More expensive machines allow you to attach accessories such as trailers, broadening their range of use
- Range in price from £1,200 to more than £5,000.
- You’ll need fuel to hand to refill them when they run out.
- They need annual servicing.
- You’ll need somewhere that’s large and secure enough to store them
See our guide on how to buy the best ride-on mower
- Once installed, it will mow your lawn with little input from you.
- Some models are capable of cutting lawns that are 5,500sq m and more, making them a great alternative to a ride-on or petrol lawn mower.
- Cuts regularly and mulches the clippings back into the lawn so there are no clippings to deal with.
- You can set the mower to your specifications, such as how tall the grass should be.
- Guide lines stop the mower going where you don’t want it to cut. These can be moved to suit you during the year.
A robot mower isn’t cheap, but it makes mowing hassle free
- They start at around £600 and go into the thousands.
- Installing the guide lines to set the boundaries of where to cut can be tricky, so it’s easiest to get someone to install the mower for you.
- Can be at risk from garden thieves.
Read our guide to robot mowers.
Cutting width is the size of the lawn mower blade. The larger the blade, the more grass it will cut on each pass. It's important to choose a mower with the right cutting width for the size of your lawn. Too large a cutting width on a small lawn and you'll struggle to manoeuvre it in tight corners, while too small a cutting width on a large lawn, and you'll find it takes much longer to cut all the grass.
Most lawn mowers have a rotary blade (see image on left) which spins around on a central point under the mower, cutting the grass as it turns.
Cylinder mowers (see image on right) cut the grass like scissors, so leave a very good finish, which makes them ideal for manicured show lawns. They don't cope very well with long grass or bumpy lawns, though, and very few of the hand-push models collect the grass well. They're really designed to keep regularly cut, short grass looking very neat.
Most lawn mowers won’t leave a striped finish. If you’re after this, you’ll need to look for a mower that has a roller, which will flatten the grass as you mow. Heavier mowers tend to leave the best stripes.
Petrol lawn mowers can be very heavy, making them hard work to push around when mowing. To reduce the amount of effort involved, look for a self-propelled model as these have an extra drive which will push the mower along.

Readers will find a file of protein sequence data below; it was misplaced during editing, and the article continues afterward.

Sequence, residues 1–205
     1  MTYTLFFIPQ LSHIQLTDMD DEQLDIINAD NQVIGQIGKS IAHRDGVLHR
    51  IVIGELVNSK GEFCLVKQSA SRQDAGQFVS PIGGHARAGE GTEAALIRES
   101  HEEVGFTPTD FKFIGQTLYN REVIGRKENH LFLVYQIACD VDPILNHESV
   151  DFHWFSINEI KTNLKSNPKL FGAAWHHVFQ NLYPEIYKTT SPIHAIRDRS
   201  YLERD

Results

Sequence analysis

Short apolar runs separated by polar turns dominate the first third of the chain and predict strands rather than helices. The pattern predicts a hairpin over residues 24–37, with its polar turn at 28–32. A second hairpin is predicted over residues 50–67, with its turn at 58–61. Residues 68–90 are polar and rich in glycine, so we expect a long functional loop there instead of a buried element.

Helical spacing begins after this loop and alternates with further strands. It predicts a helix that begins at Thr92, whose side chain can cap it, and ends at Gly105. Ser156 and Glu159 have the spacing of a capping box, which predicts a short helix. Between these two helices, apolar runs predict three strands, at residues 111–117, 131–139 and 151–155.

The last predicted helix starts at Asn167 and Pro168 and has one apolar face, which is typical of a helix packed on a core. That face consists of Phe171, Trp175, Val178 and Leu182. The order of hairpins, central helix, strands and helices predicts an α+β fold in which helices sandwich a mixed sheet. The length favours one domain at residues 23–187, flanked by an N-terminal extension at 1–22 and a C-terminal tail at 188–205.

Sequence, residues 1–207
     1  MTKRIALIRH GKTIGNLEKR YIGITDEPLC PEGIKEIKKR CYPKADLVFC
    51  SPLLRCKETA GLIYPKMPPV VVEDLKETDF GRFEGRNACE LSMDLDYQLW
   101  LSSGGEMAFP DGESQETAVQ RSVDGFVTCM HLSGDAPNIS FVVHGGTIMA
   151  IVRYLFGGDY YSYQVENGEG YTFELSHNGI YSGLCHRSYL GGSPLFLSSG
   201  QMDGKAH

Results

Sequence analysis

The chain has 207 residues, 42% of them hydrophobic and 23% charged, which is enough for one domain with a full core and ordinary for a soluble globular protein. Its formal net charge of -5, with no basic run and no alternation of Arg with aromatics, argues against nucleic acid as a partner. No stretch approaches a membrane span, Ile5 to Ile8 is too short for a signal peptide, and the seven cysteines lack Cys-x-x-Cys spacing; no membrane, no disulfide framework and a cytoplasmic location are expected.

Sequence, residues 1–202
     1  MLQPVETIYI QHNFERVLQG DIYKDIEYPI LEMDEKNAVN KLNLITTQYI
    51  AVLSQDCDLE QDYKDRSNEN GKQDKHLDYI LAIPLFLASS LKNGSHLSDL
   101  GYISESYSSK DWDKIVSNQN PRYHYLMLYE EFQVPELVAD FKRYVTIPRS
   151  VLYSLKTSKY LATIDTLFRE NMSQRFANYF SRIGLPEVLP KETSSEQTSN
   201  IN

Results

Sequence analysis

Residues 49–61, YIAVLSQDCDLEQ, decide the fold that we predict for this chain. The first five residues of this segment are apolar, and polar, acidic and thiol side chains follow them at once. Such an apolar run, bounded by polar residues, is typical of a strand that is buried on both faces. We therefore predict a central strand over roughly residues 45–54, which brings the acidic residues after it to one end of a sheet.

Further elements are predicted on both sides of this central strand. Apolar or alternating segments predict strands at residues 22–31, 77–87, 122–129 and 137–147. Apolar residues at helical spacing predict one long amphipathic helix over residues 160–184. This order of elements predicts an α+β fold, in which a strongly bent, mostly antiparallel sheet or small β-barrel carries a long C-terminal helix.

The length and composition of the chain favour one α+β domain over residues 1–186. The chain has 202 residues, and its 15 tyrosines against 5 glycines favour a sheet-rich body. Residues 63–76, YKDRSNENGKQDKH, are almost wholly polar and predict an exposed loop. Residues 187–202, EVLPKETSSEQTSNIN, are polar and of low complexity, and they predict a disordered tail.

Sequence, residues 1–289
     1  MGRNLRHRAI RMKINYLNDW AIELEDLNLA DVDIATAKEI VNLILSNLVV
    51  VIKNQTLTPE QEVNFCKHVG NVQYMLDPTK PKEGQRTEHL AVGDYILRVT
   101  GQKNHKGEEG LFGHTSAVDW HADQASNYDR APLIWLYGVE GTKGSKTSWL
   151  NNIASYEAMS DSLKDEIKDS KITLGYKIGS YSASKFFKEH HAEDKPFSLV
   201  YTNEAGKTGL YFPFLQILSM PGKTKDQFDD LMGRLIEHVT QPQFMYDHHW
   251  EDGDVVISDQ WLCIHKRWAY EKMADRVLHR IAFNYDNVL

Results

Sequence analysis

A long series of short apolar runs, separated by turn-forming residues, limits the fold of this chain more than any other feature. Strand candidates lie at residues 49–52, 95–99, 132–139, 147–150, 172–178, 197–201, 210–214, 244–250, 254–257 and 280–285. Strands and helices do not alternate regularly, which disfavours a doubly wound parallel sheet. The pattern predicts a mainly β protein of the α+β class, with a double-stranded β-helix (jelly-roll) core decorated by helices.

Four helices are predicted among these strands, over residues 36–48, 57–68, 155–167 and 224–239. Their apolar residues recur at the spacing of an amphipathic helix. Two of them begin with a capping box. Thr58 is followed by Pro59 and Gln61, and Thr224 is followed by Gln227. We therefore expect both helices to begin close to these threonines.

Cutting height adjustment
At the start of the year and during dry weather, it’s a good idea to leave grass longer so it doesn’t get stressed. In summer, you’ll want to cut it shorter so it stays looking neat for longer. Most lawn mowers let you adjust the height of the cut between a set range of heights. Make sure that the mower can cut the heights you require and check how easy it is to change the height. Some can be changed by simply moving a lever, while others require you to change the height of each individual wheel, or to add or remove spacers under the cutting blade. The less fiddly the mechanism, the quicker it is.
This is mainly an issue for petrol lawn mowers, as electric mowers are easy to start. Some petrol mowers start by giving a sharp tug to a pull cord. This can require a fair bit of strength and isn’t easy for everyone. For simpler starting, look for models we recommend; these usually have a push button or key start.
Some lawn mowers have a fixed-length handle, while others let you adjust it between a range of heights. Check that the mower height will be comfortable for you, especially if you’re taller or shorter than average. Some are easier to adjust than others. It’s also worth looking at whether the handles can be folded as this should make them take up less space when stored. Some mowers can be hung up or stored vertically to reduce the amount of space they occupy.
Some mowers are easier than others to get close up to lawn edges and around obstacles. Features such as grass combs can help them achieve this. Being able to get close to edges reduces the amount of time you’ll spend afterwards trimming missed grass with a grass trimmer or shears.
Now you know what to look for, head to our lawn mower reviews to find your perfect model.